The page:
Barnes wouldn’t have approved of Mark Twain’s comment about preferring Bermuda to heaven, either; nor would he have appreciated Trollope’s disparaging and racist remarks.
Barnes seldom ventured outside the West Country and it seems that he made only the briefest of trips outside the country, scarcely even noted. The landscape of the imagination was more important to him than the reality of foreign travel. Foreign languages and literary forms fascinated him, of course. It is perhaps surprising that he never went to visit his married daughters and grandchildren in Florence , Italy , although he was invited. He wrote many of his diary entries in Italian, and translated poetry from the Italian, so a visit to Florence or an Italian tour might have been expected, if only for linguistic reasons.
Here I am in Bermuda, visiting my son, his wife and three of our five grandchildren. I always try to take a volume of Barnes’ poetry with me when I travel. It is the best possible link with my home-county and West Country roots. I sometimes regret that none of our grandchildren share the same sense of roots that I value so highly. That’s the risk when following peripatetic, international careers.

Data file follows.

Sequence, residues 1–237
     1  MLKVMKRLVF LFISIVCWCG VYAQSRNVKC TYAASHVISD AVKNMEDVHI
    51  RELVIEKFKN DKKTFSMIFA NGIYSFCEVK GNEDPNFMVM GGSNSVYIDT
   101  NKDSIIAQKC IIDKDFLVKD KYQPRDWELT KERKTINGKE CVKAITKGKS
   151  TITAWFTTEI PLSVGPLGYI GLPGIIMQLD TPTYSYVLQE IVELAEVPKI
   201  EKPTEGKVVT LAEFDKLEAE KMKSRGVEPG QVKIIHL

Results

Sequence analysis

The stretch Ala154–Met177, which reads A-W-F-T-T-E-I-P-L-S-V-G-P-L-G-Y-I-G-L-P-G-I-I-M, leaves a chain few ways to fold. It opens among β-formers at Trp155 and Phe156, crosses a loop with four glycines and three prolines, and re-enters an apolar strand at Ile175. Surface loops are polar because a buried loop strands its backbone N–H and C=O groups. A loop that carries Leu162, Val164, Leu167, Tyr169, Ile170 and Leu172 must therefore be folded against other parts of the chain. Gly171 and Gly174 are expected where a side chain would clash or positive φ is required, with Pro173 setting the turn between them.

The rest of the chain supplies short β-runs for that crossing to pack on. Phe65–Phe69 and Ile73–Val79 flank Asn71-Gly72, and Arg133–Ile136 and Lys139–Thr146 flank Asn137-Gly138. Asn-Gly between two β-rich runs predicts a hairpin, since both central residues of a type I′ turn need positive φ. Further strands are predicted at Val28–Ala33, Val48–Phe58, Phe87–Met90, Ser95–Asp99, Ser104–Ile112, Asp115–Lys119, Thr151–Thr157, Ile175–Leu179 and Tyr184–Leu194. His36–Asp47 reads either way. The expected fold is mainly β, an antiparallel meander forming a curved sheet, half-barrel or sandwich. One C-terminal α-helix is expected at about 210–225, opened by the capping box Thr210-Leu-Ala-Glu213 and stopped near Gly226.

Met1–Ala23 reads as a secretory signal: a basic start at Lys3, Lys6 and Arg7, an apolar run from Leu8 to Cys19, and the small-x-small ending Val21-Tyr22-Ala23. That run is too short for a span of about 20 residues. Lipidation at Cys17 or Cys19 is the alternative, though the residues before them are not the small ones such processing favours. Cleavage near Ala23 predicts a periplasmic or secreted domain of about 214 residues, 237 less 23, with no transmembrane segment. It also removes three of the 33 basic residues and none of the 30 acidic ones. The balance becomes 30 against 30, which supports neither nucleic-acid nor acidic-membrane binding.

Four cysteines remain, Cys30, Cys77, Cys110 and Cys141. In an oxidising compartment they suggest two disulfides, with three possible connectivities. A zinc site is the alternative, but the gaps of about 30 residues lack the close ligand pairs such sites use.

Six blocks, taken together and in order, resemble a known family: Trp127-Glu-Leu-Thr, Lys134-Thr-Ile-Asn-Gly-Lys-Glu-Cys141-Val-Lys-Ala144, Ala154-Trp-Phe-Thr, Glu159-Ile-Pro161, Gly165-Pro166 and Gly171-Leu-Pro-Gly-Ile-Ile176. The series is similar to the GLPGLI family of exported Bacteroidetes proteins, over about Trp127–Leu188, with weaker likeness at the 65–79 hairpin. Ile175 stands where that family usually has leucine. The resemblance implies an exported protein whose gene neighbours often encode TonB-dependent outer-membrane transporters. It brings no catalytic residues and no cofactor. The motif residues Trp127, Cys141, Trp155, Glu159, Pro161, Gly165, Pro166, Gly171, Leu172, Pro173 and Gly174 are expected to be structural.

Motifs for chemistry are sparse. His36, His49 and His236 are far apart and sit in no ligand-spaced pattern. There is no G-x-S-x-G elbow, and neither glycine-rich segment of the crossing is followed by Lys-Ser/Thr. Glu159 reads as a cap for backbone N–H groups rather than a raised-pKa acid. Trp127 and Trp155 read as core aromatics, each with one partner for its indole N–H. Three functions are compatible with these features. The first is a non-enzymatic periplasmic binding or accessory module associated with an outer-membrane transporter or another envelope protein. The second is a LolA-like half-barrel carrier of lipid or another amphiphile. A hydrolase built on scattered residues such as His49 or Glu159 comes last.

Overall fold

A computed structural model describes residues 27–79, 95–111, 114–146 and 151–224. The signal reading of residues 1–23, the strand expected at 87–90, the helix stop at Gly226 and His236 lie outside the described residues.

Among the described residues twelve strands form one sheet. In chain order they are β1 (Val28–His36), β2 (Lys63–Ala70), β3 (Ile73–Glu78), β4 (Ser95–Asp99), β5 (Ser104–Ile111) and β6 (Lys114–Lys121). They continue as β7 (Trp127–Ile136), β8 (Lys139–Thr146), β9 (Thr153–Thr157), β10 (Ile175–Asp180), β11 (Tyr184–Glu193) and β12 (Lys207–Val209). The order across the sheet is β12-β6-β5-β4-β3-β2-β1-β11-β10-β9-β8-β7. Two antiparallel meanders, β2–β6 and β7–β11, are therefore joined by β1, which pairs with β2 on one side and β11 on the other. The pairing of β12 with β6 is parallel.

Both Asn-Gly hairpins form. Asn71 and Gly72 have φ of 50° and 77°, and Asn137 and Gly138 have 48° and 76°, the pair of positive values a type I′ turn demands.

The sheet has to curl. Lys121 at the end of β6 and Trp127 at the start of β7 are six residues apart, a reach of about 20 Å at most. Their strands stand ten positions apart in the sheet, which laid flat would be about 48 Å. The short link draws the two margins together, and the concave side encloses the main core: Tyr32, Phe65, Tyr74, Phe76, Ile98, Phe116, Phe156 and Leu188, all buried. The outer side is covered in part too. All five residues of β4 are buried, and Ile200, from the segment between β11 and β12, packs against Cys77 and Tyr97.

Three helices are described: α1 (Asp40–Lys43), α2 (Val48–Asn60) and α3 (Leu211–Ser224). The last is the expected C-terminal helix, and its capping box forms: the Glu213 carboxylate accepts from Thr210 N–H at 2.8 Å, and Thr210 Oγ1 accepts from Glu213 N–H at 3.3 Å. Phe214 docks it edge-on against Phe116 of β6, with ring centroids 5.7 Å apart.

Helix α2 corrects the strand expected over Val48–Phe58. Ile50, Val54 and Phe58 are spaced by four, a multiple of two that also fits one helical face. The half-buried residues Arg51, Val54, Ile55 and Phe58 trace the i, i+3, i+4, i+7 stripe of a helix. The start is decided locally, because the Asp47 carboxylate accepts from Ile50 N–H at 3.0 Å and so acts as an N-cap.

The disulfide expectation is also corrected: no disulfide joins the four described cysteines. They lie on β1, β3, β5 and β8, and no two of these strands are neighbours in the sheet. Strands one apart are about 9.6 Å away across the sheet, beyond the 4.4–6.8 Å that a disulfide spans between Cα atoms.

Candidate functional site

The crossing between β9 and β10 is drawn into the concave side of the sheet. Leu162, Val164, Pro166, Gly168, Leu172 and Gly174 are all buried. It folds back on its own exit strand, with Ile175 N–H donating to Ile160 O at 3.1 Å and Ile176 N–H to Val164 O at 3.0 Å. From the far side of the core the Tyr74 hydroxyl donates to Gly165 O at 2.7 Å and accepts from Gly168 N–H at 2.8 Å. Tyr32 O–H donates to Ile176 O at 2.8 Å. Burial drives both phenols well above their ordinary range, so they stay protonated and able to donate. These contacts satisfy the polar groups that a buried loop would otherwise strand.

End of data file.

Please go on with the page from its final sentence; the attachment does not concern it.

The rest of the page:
Whilst I often recall happy moments of my childhood and life in Somerset or Dorset, the images that they (some at least, of the five) will recall from their formative years will be of Bermuda, France, Belgium, Greece, the USA; of Brussels, Corfu, Thessaloniki, La Rochelle, Beijing, London or Washington DC.
If my son and daughter ever think of their formative years spent in the West Country, it will be mostly of years spent at boarding school, very different from Barnes’ memories of family and community life around Marshwood Vale – or from the schools run by William and Julia Barnes. I hope in time they will rediscover their Dorset connections, perhaps with the help of the poems of William Barnes.